Michael Litchfield, director of interactive, Doreums

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Are your clients exploring Web 2.0 applications, such as social media and blogs?

Litchfield: Yes, there is much interest. As we see more of the marketing dollar shift towards the digital medium, we see more interest from clients seeking to differentiate. With this comes a willingness to explore Web 2.0 and the respective richer and social media offerings. The return on investment may not always be as immediate, but when measured over time we are seeing definite gains in brand awareness and brand credibility. The Web 2.0 platform is no longer the exclusive domain of consumer brands. When executed correctly, b-to-b brands have just as much to gain—particularly when using vehicles such as blogs, video and community building—to offer specific knowledge and shared industry points of view.

How are you measuring the results of these new media?

Litchfield: Measurement methodology varies by media type, by technology and by campaign strategy. One thing is for sure—it's not just about the click-through. To achieve accurate measurement, you need to consider the point of interaction (for instance, via promotional banner, search, track-backs or other community links), the duration of the interaction, the contribution made (if any), return visits (and frequency) and introductions made (via link forwarding). This can be complex to track and often requires multiple analytical passes across multiple data sources. However, even with all this data, the full story is not told. When your customer, or potential customer, is engaging with your brand at this level, what other impacts are occurring? If the experience is positive, it's likely that you're moving the customer closer to brand loyalty.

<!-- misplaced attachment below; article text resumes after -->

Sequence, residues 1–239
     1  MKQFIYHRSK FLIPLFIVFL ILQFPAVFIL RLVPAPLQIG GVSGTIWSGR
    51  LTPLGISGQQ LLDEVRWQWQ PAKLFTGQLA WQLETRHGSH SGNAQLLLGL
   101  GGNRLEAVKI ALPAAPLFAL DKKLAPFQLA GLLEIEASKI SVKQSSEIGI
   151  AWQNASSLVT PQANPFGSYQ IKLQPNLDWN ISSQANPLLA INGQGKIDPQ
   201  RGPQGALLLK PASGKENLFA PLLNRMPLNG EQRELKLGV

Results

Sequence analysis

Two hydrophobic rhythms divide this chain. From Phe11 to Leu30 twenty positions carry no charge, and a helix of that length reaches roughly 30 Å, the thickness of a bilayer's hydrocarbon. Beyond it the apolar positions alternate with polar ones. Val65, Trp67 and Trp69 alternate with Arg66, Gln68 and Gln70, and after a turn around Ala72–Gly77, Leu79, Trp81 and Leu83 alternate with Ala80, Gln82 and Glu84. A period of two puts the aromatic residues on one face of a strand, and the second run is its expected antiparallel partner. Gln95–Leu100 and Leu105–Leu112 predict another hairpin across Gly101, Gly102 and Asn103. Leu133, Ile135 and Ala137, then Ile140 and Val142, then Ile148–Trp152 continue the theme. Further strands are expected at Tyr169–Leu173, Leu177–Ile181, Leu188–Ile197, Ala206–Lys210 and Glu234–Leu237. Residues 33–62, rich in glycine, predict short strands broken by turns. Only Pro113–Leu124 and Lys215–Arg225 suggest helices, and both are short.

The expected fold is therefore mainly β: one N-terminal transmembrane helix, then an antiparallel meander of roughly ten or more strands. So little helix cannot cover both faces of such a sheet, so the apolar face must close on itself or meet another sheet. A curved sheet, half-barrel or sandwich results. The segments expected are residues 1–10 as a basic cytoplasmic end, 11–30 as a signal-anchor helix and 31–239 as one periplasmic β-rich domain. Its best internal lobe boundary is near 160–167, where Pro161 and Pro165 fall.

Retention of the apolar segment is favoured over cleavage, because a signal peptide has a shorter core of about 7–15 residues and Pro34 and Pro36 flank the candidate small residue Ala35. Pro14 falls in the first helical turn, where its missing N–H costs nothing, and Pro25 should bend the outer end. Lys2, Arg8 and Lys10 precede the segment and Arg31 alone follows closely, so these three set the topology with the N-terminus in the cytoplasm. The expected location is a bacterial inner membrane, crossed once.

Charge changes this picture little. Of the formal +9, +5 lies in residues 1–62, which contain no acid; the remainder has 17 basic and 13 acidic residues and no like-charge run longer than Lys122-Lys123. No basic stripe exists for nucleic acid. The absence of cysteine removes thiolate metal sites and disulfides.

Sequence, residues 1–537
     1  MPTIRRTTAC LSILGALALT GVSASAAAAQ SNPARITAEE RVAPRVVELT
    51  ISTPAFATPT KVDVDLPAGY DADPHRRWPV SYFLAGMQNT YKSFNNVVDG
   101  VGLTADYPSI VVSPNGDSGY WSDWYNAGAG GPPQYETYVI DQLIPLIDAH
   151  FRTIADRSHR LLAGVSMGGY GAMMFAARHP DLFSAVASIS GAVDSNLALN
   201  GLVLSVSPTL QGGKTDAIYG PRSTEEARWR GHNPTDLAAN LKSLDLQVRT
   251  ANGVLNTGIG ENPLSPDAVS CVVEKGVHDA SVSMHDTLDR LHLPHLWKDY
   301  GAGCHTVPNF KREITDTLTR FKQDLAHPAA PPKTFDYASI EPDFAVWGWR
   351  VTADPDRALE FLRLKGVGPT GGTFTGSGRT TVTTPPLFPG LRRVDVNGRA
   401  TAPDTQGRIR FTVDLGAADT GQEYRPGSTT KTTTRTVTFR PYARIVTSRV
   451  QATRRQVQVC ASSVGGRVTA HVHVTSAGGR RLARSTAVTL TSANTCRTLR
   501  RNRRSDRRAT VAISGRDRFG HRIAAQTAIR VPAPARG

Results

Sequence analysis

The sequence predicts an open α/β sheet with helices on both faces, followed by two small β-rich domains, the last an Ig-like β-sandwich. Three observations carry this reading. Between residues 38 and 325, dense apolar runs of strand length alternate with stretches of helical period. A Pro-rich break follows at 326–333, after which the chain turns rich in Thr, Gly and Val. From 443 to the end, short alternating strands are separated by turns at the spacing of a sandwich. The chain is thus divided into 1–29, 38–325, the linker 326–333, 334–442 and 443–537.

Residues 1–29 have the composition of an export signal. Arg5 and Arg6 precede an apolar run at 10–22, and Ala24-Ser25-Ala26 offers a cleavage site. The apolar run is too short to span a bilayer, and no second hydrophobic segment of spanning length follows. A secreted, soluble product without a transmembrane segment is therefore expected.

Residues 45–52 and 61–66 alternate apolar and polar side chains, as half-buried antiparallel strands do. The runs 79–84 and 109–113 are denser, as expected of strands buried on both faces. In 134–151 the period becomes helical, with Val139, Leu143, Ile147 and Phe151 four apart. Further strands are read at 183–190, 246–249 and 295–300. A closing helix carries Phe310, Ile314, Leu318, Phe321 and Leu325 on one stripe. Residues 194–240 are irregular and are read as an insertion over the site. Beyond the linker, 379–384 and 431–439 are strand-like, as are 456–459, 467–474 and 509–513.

How are agencies adapting to changing technologies and client needs?

Litchfield: Agencies developing integrated marketing solutions that incorporate interactive or digital media should be constantly monitoring what's new online, with a focus on Web 2.0 in particular. As agencies observe new applications, emerging trends and shifts in practice, their responsibility is to then educate their clients and to incorporate those new tactics into larger, more strategic integrated campaigns. Agencies doing this will likely find that their interactive marketing offering will quickly become the fastest-growing competency within their organization. Change? Yes, definitely.

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